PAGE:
Preferably the block 5 is made of a foamed plastic, preferably a plastic of the same kind as the insulation 3 and preferably of the same density. Incorporated in the block or blocks 5 is a given quantity of a water-soluble salt, such as sodium chloride. If water should penetrate the protective tube 4 and enter the foamed plastic 3, the water will raise the moisture content of the block 5 and, irrespective of the conductivity of the penetrating water, an electrolyte will be formed which has a concentration and conductivity such that a currect circuit is established, e.g. between the conductors 11 and 12. The amount of water-soluble salt incorporated in the foamed plastic of the block 5 can vary within wide limits and substantially depends upon the amount of moisture to be indicated.
In those cases when the inner tube 2 conducts water which is de-ionized and a crack occurs in the tube, the de-ionized water, which is thus electrically non-conducting, will penetrate the block 5 and cause a current circuit to be established between the alarm conductors. Thus, it is quite impossible for non-ionized water to pierce the inner tube 2 without an alarm being given.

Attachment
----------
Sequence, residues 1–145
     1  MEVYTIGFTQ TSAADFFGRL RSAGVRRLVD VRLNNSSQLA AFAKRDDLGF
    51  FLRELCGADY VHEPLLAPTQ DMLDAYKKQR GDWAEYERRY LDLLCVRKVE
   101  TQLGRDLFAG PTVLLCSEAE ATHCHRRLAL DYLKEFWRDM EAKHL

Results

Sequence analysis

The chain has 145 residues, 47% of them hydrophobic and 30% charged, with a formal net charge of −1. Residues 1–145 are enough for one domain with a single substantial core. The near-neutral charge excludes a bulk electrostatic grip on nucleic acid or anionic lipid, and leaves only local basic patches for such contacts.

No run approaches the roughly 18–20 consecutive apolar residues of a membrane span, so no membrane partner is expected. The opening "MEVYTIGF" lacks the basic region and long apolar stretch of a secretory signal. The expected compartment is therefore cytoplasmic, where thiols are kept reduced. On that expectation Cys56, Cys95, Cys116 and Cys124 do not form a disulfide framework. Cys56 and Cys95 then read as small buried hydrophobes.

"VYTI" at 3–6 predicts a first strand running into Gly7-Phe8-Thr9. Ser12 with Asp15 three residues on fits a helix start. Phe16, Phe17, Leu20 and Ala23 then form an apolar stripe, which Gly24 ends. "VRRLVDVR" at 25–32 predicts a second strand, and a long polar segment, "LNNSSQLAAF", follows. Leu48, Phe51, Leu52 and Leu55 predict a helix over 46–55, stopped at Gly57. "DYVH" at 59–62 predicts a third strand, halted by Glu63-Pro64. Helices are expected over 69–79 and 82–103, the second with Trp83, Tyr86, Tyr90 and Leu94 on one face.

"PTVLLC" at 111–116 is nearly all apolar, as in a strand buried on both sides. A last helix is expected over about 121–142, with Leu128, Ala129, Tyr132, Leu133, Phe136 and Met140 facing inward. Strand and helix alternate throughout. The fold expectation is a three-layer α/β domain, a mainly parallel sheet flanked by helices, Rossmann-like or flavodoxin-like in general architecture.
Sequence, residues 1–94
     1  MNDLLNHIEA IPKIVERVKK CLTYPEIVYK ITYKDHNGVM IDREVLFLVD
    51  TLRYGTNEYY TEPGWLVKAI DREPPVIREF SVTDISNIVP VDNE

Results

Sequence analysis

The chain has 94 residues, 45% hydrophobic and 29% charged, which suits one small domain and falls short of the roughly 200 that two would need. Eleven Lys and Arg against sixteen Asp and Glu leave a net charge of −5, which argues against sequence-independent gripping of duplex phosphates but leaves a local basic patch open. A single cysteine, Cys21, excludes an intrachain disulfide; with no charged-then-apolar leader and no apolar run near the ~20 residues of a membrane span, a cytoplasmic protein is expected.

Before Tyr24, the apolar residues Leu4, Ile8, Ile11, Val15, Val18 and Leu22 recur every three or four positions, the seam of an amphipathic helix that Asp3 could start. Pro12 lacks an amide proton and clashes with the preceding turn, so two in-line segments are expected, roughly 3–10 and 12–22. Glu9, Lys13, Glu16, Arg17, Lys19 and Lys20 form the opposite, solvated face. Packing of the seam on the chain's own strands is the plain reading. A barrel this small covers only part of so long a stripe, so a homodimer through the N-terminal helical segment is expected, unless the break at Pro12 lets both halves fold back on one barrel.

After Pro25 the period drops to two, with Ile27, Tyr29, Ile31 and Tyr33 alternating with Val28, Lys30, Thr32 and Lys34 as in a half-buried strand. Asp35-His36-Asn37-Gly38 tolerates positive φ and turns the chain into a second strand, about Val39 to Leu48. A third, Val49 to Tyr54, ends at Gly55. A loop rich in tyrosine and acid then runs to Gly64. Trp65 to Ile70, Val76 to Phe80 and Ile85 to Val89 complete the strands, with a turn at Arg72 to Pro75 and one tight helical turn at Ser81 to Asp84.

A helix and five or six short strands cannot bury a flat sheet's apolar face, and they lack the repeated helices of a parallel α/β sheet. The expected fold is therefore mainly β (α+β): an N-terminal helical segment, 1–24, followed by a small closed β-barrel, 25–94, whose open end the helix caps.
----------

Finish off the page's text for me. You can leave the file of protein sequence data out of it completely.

The aforedescribed embodiment is particularly suitable because the water-soluble salt is incorporated in a well-defined body in the foamed-plastic insulation, and because the outer surface of the steel tube 2 is subjected to the least possible corrosion damage if, for some reason, the salt mixture in the foamed plastic is excessively high. It is also possible, however, to incorporate the water-soluble salt also in the foamed-plastic insulation 3 or solely in said plastic insulation when the aforedescribed elongate blocks 5 are not used.
The water-soluble salt can be mixed directly in one of the liquids used for forming the foamed plastic or may be added when pouring or injecting the foamed plastic material into the annular chamber between said tubes 2 and 4, to form the plastic layer 3.